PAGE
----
Hughes is known for his work during the Harlem Renaissance Robert Lee Frost, arguably the greatest American poet of the 20th century, was born in San Francisco, California, on March 26, 1874. Frost said his poem “The Road Not Taken” was tricky-very tricky. Three things make his poem tricky-the time frame, and the words “sigh” and “difference. ” Robert Frost’s “The Road Not Taken” has been one of the most analyzed, quoted, anthologized poems in American poetry. A wide-spread interpretation claims that the speaker in the poem is promoting individualism and non-conformity. A Tricky Poem
Frost claims that he wrote this poem about his friend Edward Thomas, with whom he had walked many times in the woods near London. Frost has said that while walking they would come to different paths and after choosing one, Thomas would always fret wondering what they might have missed by not taking the other path. About the poem, Frost asserted, “You have to be careful of that one; it’s a tricky poem – very tricky. ” And he is, of course, correct. The poem has been and continues to be used as an inspirational poem, one that to the undiscerning eye seems to be encouraging self-reliance, not following where others have led.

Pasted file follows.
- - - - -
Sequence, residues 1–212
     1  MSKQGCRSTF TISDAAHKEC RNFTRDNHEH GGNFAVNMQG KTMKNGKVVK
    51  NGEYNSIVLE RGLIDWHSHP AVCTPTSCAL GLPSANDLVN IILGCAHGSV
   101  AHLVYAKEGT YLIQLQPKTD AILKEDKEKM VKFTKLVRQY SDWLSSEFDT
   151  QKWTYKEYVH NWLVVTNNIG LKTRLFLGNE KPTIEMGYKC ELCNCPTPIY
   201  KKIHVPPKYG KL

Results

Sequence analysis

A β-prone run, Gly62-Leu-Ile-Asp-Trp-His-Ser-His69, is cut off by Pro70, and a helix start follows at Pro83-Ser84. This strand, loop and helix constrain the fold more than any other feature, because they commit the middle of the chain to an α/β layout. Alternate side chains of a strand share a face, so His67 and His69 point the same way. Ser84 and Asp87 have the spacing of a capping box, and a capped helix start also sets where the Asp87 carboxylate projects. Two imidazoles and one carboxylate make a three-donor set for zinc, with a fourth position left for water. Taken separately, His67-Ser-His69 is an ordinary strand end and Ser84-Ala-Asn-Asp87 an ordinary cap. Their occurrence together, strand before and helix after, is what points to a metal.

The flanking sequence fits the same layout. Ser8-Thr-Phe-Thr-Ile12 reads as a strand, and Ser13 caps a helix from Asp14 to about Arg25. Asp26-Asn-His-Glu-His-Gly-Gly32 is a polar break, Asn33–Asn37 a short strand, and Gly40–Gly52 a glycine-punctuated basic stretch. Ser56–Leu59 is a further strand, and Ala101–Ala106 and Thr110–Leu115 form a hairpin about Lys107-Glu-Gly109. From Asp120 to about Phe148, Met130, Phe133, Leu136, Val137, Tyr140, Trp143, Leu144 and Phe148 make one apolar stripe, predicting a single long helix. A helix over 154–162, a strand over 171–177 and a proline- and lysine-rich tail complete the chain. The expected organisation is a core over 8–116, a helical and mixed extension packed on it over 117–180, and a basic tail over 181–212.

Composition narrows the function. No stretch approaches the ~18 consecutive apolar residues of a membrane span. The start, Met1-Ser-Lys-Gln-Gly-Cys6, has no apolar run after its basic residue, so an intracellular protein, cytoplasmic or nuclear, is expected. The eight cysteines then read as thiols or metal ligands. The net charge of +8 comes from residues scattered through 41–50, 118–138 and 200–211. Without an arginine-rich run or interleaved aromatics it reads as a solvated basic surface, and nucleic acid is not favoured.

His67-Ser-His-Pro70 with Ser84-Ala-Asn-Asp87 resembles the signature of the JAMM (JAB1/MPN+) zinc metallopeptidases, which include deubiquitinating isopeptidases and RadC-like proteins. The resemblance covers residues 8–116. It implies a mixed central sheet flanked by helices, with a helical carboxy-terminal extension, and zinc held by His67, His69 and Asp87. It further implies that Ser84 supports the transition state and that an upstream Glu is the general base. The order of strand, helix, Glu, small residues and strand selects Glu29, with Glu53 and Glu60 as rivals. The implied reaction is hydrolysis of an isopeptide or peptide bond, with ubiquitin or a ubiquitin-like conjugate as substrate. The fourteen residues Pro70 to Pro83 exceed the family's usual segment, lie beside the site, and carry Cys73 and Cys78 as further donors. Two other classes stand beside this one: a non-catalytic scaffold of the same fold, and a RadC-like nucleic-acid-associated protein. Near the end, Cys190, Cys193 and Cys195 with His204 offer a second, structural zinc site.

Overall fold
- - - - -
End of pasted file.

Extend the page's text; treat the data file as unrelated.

But a close reading of the poem proves otherwise. It does not moralize about choice; it simply says that choice is inevitable, but you never know what your choice will mean until you have lived it. First Stanza – Describes Situation The poem consists of four stanzas. In the first stanza, the speaker describes his position. He has been out walking the woods and comes to two roads, and he stands looking as far down each one as he can see. He would like to try out both, but doubts he could to that, so therefore he continues to look down the roads for a long time trying to make his decision about which road to take.